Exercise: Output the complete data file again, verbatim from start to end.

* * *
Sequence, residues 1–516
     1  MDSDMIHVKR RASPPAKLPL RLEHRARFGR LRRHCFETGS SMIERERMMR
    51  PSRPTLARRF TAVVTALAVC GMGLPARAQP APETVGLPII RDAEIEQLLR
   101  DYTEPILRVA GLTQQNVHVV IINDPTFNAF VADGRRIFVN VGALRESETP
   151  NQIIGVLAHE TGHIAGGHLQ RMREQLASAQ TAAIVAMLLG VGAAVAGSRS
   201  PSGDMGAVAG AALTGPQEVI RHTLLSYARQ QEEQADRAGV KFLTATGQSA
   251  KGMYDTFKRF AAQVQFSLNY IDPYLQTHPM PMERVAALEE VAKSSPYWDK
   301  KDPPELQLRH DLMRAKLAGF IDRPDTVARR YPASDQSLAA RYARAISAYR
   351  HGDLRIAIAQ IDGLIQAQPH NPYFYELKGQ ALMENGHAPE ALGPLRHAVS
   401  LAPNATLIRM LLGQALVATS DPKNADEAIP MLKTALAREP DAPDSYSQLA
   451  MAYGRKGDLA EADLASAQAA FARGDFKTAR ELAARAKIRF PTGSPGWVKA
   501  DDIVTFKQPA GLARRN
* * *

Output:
Sequence, residues 1–516
     1  MDSDMIHVKR RASPPAKLPL RLEHRARFGR LRRHCFETGS SMIERERMMR
    51  PSRPTLARRF TAVVTALAVC GMGLPARAQP APETVGLPII RDAEIEQLLR
   101  DYTEPILRVA GLTQQNVHVV IINDPTFNAF VADGRRIFVN VGALRESETP
   151  NQIIGVLAHE TGHIAGGHLQ RMREQLASAQ TAAIVAMLLG VGAAVAGSRS
   201  PSGDMGAVAG AALTGPQEVI RHTLLSYARQ QEEQADRAGV KFLTATGQSA
   251  KGMYDTFKRF AAQVQFSLNY IDPYLQTHPM PMERVAALEE VAKSSPYWDK
   301  KDPPELQLRH DLMRAKLAGF IDRPDTVARR YPASDQSLAA RYARAISAYR
   351  HGDLRIAIAQ IDGLIQAQPH NPYFYELKGQ ALMENGHAPE ALGPLRHAVS
   401  LAPNATLIRM LLGQALVATS DPKNADEAIP MLKTALAREP DAPDSYSQLA
   451  MAYGRKGDLA EADLASAQAA FARGDFKTAR ELAARAKIRF PTGSPGWVKA
   501  DDIVTFKQPA GLARRN